What’s In a Name? DNA vs. Human Assessment of Pit Bulls

Well, it turns out a lot if that name is “pit bull.” In direct contrast to Justice Stewart who said “I know it when I see it.” (Jacobellis v. Ohio, 1964), a recent study in the Veterinary Journal states that those working at animal shelters don’t actually know a pit bull when they see it (which, of course, is understandable since a pit bull is not a recognized breed of dog – but I digress). This can have serious ramifications for potential pet parents (some of whom won’t adopt pit bulls as their next pampered pets), renters and homeowners (who sometimes have trouble getting insurance if they have a pit bull), and anyone who lives in a location with Breed Specific Legislation. But just maybe, the Veterinary Journal got it wrong.

According to the study, shelter workers labeled dogs as pit bulls TWICE as much as DNA breed signatures identified dogs as pit bull-types. The test involved 16 breed assessors at 4 different shelters and 120 dogs. The staff identified dogs as pit bulls 52% of the time while the DNA tests identified the dogs as pit bulls only 21% of the time. This difference clearly raises concern about the subjective nature of those identifying breed types at shelters with the possible negative consequences mentioned above. Many have leapt to the conclusion that the assessors at shelters are simply over identifying dogs as pit bulls; others have pointed out that since pit bulls are not a true breed, the real issue is the need for a standard tool by which to make the assessment. In any event, both these efforts are an attempt to get the human assessment numbers to match the DNA numbers.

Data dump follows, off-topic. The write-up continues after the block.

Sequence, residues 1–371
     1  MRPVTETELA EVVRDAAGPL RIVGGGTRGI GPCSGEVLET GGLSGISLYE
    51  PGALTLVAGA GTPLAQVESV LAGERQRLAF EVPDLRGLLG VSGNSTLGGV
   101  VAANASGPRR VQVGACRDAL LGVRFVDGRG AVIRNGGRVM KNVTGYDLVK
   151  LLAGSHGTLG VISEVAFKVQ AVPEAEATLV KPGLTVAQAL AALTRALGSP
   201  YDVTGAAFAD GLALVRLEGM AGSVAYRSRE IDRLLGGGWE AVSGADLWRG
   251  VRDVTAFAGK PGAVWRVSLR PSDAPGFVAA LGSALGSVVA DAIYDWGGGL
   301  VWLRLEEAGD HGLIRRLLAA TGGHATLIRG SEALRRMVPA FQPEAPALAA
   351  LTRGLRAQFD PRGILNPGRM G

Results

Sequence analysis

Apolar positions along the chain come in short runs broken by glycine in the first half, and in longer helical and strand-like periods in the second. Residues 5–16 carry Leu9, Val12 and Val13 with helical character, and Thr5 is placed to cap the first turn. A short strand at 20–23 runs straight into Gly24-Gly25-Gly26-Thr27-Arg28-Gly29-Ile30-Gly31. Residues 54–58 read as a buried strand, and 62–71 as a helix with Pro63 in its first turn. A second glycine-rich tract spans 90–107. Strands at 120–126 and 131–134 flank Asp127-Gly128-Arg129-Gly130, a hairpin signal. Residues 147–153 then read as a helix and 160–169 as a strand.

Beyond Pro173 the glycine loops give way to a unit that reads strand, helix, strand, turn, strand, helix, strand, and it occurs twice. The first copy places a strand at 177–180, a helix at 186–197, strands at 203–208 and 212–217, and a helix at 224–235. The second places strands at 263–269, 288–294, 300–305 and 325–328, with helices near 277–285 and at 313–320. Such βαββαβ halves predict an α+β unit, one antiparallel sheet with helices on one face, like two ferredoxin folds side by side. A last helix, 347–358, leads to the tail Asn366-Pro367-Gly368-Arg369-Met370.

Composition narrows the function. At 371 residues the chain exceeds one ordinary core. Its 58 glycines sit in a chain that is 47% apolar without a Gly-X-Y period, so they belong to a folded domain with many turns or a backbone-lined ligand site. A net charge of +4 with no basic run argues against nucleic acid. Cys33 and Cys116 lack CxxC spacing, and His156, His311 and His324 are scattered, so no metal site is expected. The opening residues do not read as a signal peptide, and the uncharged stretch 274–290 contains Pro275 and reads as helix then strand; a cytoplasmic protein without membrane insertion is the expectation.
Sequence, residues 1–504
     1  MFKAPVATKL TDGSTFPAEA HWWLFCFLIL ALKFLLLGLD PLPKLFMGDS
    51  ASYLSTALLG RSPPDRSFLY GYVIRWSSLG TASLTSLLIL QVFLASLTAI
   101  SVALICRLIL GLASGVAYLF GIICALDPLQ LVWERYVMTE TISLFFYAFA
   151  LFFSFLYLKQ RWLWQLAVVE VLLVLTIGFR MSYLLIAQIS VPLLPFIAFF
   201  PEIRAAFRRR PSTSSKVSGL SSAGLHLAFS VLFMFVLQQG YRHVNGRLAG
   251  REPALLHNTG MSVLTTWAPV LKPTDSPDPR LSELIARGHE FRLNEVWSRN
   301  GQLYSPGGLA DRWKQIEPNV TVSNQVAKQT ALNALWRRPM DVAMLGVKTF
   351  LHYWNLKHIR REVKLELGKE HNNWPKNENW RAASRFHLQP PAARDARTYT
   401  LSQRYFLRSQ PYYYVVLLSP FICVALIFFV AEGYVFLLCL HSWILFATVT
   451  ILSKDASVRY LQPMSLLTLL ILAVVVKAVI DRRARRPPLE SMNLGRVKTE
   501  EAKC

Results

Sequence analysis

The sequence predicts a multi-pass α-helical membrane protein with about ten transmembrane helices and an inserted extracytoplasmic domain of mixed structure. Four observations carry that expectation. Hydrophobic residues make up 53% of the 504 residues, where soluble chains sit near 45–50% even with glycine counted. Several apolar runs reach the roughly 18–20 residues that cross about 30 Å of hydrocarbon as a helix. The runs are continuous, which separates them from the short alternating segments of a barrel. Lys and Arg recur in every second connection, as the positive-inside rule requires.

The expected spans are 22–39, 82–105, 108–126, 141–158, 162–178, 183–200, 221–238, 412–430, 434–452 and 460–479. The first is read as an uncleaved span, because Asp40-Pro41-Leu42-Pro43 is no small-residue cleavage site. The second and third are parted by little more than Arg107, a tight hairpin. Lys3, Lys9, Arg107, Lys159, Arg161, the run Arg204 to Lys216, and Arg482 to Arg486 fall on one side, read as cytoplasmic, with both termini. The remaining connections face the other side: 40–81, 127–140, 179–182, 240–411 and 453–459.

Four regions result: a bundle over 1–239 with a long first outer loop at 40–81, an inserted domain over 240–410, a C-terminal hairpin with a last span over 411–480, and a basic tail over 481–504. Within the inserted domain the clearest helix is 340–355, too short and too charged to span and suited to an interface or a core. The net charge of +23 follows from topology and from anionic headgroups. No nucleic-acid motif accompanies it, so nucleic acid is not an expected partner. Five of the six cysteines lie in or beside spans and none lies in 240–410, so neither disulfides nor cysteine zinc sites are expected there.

But until we can get the human assessment to match the DNA assessment, what should we do? Should every shelter dog that someone might think is a pit bull have its DNA tested? That’s bound to cost a lot of money at generally cash-starved shelters.  Moreover, one wonders if the this would even be money well spent because built into this entire conversation is the assumption that the DNA testing for breed identification is accurate (otherwise what’s the value of comparing it the visual assessment?). Well, it turns out that this assumption might need to be re-thought.

According to the study, “The commercial DNA testing laboratory used in the study reported an average accuracy of 84% in first-generation crossbred dogs of known parentage. The accuracy of the test in dogs with more than two breeds and in dogs lacking any purebred heritage is unknown.” (emphasis added).

So as I read this it means that for the majority of dogs that end up in a shelter, those probably lacking purebred heritage and made up of more than just two breeds, the accuracy of the DNA test is simply unknown! What makes us think that the DNA test is any more accurate than the assessors? Maybe the DNA test is actually less accurate? Given this, as much as we like to put our faith in science and as much as I like the litany of CSI shows on T.V., maybe, just maybe, we need to have more faith in our fellow human beings.

Thanks for reading.